Title: Murder by Contract
Director: Irving Lerner
Writer: Ben Simcoe
Stars: Vince Edwards, Phillip Pine, Caprice Toriel, Cathy Browne
The Story: A mysterious man, with no criminal history, decides to begin a career as a hitman. He quickly impresses his new bosses with his efficiency and professionalism, but then he starts having problems on an out-of-town job. His handlers aren’t sure if he’s losing it or if there’s a method to his madness...
How it Came to be Underrated: For reasons that are unclear, this movie was never available on vhs or dvd until last week. Also, I’ve heard rumors that Lerner, like yesterday’s director, was blacklisted, but the dates don’t really line up, since he got most of his work at the height of the trouble.
Why It’s Great:
- We’re at the tail end of the original noir era and we’re a world away from Tension. Shot in cool-eyed widescreen with a laconic electric guitar score, there are no crimes of passion here. Crime, like noir, has become a well-oiled machine. Edwards calmly explains his decision to become a hitman: “I want to buy a nice house. With my salary it would take about 23 years. I can’t wait.”
- The movie is powered by the chilling magnetism of Edwards, whose icy cool exterior hides a volatile core. Edwards went to work as TV’s Ben Casey right after this and today he’s just remembered as a pretty face, which is shocking given how good he is here. Still, he hardly would have fit in with the Brando-esque neuroticism that ruled the day. Like his character, Edwards is more interesting in doing than be-ing.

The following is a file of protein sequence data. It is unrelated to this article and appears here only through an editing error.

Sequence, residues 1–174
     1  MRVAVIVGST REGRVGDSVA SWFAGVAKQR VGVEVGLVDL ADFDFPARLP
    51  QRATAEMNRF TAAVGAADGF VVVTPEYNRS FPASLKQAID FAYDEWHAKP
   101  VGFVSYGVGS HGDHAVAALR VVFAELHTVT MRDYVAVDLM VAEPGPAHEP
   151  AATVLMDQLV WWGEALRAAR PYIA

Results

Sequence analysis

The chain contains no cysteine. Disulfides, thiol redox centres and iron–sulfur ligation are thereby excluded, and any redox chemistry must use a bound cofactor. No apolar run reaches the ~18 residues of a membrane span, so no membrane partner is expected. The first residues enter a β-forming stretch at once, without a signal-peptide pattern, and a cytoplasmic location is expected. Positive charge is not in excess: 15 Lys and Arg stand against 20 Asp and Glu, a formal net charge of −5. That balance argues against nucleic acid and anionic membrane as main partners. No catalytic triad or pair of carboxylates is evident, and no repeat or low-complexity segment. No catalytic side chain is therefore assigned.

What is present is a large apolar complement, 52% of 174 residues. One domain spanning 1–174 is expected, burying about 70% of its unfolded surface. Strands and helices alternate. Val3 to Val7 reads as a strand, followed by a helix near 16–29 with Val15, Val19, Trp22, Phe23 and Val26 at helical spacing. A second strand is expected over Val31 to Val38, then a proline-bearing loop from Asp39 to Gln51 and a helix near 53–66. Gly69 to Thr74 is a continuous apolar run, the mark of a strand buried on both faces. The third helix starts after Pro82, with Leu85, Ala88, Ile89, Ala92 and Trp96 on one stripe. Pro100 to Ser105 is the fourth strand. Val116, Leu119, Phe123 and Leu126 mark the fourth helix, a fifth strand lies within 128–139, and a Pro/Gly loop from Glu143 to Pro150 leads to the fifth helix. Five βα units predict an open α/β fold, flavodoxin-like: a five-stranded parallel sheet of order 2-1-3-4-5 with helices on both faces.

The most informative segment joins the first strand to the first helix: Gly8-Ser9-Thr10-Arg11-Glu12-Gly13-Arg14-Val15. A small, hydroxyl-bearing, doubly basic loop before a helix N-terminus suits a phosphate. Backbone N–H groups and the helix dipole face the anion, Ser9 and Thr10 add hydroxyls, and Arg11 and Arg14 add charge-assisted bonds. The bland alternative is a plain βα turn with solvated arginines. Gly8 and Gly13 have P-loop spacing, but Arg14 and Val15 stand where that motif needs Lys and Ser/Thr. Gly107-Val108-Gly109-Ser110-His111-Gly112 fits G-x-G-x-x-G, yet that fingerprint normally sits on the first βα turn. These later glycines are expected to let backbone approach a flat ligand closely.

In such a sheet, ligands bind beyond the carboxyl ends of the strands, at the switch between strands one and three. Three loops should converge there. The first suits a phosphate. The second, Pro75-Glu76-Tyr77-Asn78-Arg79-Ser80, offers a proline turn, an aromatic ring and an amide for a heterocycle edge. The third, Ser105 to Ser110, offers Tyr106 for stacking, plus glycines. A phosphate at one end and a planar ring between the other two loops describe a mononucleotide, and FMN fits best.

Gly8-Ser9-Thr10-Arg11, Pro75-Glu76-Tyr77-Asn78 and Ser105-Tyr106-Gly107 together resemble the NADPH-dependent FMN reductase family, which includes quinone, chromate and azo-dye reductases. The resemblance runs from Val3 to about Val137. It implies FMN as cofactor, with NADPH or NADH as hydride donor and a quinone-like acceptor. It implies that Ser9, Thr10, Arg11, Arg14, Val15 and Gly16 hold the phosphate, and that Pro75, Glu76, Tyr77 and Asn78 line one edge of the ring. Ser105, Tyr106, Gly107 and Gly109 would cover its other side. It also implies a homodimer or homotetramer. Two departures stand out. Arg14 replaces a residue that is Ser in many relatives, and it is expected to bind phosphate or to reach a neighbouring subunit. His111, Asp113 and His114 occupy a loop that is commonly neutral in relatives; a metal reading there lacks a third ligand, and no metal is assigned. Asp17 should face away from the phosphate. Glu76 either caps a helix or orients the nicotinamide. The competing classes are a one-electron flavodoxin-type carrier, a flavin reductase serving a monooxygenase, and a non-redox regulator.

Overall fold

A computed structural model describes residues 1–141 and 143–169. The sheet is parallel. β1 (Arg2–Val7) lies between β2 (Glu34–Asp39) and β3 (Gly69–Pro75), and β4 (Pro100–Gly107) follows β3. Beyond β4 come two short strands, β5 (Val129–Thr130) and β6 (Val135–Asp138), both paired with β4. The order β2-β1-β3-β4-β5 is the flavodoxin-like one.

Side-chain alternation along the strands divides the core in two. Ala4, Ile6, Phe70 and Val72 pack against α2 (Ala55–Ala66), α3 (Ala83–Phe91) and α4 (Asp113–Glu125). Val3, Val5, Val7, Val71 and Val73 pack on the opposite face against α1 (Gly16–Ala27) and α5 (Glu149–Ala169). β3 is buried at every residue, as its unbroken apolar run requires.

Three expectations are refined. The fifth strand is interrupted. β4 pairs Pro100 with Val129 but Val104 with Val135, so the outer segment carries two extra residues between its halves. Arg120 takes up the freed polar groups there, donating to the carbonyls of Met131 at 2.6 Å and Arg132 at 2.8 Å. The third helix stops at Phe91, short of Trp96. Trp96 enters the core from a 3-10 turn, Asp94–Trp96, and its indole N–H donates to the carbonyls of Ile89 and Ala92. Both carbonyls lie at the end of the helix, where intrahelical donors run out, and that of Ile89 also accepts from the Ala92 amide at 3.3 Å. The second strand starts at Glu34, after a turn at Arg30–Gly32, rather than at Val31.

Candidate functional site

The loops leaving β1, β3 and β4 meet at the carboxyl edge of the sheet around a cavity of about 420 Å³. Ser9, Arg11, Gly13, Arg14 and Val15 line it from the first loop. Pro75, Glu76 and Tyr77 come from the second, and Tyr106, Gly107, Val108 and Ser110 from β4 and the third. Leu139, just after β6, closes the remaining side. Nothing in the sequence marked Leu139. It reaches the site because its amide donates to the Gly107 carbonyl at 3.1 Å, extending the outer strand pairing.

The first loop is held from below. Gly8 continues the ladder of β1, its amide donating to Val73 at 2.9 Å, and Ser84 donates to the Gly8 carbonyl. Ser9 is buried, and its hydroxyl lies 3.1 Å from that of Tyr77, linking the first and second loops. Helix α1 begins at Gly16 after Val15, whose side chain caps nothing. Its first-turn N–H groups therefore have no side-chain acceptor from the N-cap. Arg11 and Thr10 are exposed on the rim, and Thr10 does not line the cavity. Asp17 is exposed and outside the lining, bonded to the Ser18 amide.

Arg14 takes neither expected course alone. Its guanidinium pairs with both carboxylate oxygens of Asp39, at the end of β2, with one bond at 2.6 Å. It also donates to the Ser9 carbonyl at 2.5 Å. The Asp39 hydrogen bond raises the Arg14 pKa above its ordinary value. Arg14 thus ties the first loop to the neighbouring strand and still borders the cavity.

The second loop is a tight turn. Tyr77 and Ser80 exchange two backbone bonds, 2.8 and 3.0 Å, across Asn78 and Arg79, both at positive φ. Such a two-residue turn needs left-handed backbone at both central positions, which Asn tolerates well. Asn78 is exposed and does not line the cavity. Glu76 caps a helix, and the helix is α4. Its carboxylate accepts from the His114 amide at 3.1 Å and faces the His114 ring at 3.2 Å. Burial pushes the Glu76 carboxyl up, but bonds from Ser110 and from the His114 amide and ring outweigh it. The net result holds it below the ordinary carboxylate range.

- I was already amazed by the film’s frank dissection of the crime business, but two thirds of the way in, I got to a scene that made my jaw hit the floor. For his evening's entertainment, Edwards calls a number he’s been given. A “Mad Men” type secretary answers the phone at her office job. When she realizes that this call is about her other job, she calmly switches the phone to her other ear and continues the conversation with a cool assurance.
There are no “criminals” here, just people making a living without the luxury of conventional morality.
- A lot of ‘50s movies wore their Freud on their sleeves. If a movie dared to draw the connection between sex and crime, then you could count on a bow-tied expert to show up and pontificate on what it all means. Not here. The roots of Edwards’ psychological problems are implied, but never spelled out.
If You Like This, You Should Also Check Out: Martin Scorsese has been singing the praises of this movie for years and just before Lerner died Scorsese hired him to help edit New York, New York, which I happen to feel is Scorsese’s most underrated movie.
How Available Is It?: I’m happy to report that the new dvd is gorgeous. There’s even a brief introduction by Scorsese where he talks about how much this influenced him.
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